You access the redo data of interest by querying the
V$LOGMNR_CONTENTS view. (Note that you must have either the
LOGMINING privilege to query
V$LOGMNR_CONTENTS.) This view provides historical information about changes made to the database, including (but not limited to) the following:
The type of change made to the database:
The SCN at which a change was made (
The SCN at which a change was committed (
The transaction to which a change belongs (
The table and schema name of the modified object (
The name of the user who issued the DDL or DML statement to make the change (
If the change was due to a SQL DML statement, the reconstructed SQL statements showing SQL DML that is equivalent (but not necessarily identical) to the SQL DML used to generate the redo records (
If a password is part of the statement in a
SQL_REDO column, then the password is encrypted.
SQL_REDO column values that correspond to DDL statements are always identical to the SQL DDL used to generate the redo records.
If the change was due to a SQL DML change, the reconstructed SQL statements showing the SQL DML statements needed to undo the change (
SQL_UNDO columns that correspond to DDL statements are always
SQL_UNDO column may be
NULL also for some data types and for rolled back operations.
LogMiner supports Transparent Data Encryption (TDE) in that
V$LOGMNR_CONTENTS shows DML operations performed on tables with encrypted columns (including the encrypted columns being updated), provided the LogMiner data dictionary contains the metadata for the object in question and provided the appropriate master key is in the Oracle wallet. The wallet must be open or
V$LOGMNR_CONTENTS cannot interpret the associated redo records. TDE support is not available if the database is not open (either read-only or read-write). See Oracle Database Advanced Security Guide for more information about TDE.
Example of Querying V$LOGMNR_CONTENTS
Suppose you wanted to find out about any delete operations that a user named Ron had performed on the
oe.orders table. You could issue a SQL query similar to the following:
SELECT OPERATION, SQL_REDO, SQL_UNDO FROM V$LOGMNR_CONTENTS WHERE SEG_OWNER = 'OE' AND SEG_NAME = 'ORDERS' AND OPERATION = 'DELETE' AND USERNAME = 'RON';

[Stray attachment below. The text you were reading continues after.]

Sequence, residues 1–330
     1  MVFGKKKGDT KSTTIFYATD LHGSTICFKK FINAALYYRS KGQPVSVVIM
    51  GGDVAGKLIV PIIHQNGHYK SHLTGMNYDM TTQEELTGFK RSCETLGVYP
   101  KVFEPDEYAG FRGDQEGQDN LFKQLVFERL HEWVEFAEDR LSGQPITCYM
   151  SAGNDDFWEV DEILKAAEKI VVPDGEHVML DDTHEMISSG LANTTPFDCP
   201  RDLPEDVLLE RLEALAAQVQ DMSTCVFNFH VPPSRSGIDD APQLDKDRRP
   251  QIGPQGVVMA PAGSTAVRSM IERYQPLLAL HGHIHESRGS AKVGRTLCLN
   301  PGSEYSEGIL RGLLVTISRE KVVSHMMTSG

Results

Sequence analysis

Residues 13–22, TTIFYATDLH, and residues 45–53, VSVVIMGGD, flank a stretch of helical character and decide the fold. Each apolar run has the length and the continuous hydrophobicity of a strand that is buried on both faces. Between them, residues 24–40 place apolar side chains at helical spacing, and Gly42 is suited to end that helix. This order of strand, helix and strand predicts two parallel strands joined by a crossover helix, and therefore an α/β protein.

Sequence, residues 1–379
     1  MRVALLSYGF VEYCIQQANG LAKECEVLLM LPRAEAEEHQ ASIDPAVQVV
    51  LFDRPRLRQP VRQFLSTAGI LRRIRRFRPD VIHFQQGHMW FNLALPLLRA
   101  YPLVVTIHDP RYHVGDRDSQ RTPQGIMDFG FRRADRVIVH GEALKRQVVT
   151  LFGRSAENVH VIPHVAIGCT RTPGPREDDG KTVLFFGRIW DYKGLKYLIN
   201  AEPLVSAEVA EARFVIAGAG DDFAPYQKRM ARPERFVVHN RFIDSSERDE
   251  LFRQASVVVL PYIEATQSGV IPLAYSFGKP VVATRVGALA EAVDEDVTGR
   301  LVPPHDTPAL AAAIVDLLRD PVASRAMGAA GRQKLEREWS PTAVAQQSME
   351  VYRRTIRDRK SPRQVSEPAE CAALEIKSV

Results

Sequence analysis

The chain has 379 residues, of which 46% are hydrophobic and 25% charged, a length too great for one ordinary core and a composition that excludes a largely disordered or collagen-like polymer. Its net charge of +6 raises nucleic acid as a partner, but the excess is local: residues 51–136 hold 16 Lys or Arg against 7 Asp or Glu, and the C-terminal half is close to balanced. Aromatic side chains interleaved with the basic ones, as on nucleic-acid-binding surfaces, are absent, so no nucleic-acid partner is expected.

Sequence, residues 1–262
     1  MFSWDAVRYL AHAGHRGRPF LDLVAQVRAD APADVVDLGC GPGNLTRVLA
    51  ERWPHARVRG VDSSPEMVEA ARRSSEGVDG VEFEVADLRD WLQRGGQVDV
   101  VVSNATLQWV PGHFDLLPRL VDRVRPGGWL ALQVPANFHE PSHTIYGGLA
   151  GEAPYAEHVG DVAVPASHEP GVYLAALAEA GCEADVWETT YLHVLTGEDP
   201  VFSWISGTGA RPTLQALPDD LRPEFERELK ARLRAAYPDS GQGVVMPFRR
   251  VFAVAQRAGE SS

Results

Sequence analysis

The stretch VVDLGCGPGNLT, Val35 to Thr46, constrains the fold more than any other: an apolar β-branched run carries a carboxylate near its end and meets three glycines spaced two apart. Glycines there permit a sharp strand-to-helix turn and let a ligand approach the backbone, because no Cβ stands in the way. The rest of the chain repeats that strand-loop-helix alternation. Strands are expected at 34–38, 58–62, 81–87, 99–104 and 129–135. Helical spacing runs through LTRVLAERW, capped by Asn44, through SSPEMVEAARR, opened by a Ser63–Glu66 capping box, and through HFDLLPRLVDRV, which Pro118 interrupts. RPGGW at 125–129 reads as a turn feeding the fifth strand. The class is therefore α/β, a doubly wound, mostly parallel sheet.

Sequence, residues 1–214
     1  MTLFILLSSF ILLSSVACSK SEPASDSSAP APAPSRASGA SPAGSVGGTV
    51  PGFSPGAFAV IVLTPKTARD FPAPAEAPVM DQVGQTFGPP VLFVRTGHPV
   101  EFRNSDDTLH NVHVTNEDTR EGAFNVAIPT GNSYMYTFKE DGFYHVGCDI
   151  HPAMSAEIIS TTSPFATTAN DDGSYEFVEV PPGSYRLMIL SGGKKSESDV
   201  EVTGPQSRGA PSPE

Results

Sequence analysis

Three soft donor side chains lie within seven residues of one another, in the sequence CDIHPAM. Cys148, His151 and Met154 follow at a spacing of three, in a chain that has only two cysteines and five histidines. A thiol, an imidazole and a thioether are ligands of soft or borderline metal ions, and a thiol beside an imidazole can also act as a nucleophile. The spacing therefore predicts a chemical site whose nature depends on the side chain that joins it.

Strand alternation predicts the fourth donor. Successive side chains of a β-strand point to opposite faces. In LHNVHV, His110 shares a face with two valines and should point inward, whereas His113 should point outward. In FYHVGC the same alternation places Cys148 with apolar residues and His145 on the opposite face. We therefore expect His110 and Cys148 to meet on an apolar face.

The following output would be produced. The formatting may be different on your display than that shown here.
OPERATION SQL_REDO SQL_UNDO DELETE delete from "OE"."ORDERS" insert into "OE"."ORDERS" where "ORDER_ID" = '2413' ("ORDER_ID","ORDER_MODE", and "ORDER_MODE" = 'direct' "CUSTOMER_ID","ORDER_STATUS", and "CUSTOMER_ID" = '101' "ORDER_TOTAL","SALES_REP_ID", and "ORDER_STATUS" = '5' "PROMOTION_ID") and "ORDER_TOTAL" = '48552' values ('2413','direct','101', and "SALES_REP_ID" = '161' '5','48552','161',NULL); and "PROMOTION_ID" IS NULL and ROWID = 'AAAHTCAABAAAZAPAAN'; DELETE delete from "OE"."ORDERS" insert into "OE"."ORDERS" where "ORDER_ID" = '2430' ("ORDER_ID","ORDER_MODE", and "ORDER_MODE" = 'direct' "CUSTOMER_ID","ORDER_STATUS", and "CUSTOMER_ID" = '101' "ORDER_TOTAL","SALES_REP_ID", and "ORDER_STATUS" = '8' "PROMOTION_ID") and "ORDER_TOTAL" = '29669.9' values('2430','direct','101', and "SALES_REP_ID" = '159' '8','29669.9','159',NULL); and "PROMOTION_ID" IS NULL and ROWID = 'AAAHTCAABAAAZAPAAe';
This output shows that user Ron deleted two rows from the
oe.orders table. The reconstructed SQL statements are equivalent, but not necessarily identical, to the actual statement that Ron issued. The reason for this is that the original
WHERE clause is not logged in the redo log files, so LogMiner can only show deleted (or updated or inserted) rows individually.
Therefore, even though a single
DELETE statement may have been responsible for the deletion of both rows, the output in
V$LOGMNR_CONTENTS does not reflect that. Thus, the actual
DELETE statement may have been
DELETE FROM OE.ORDERS WHERE CUSTOMER_ID ='101' or it might have been
DELETE FROM OE.ORDERS WHERE PROMOTION_ID = NULL.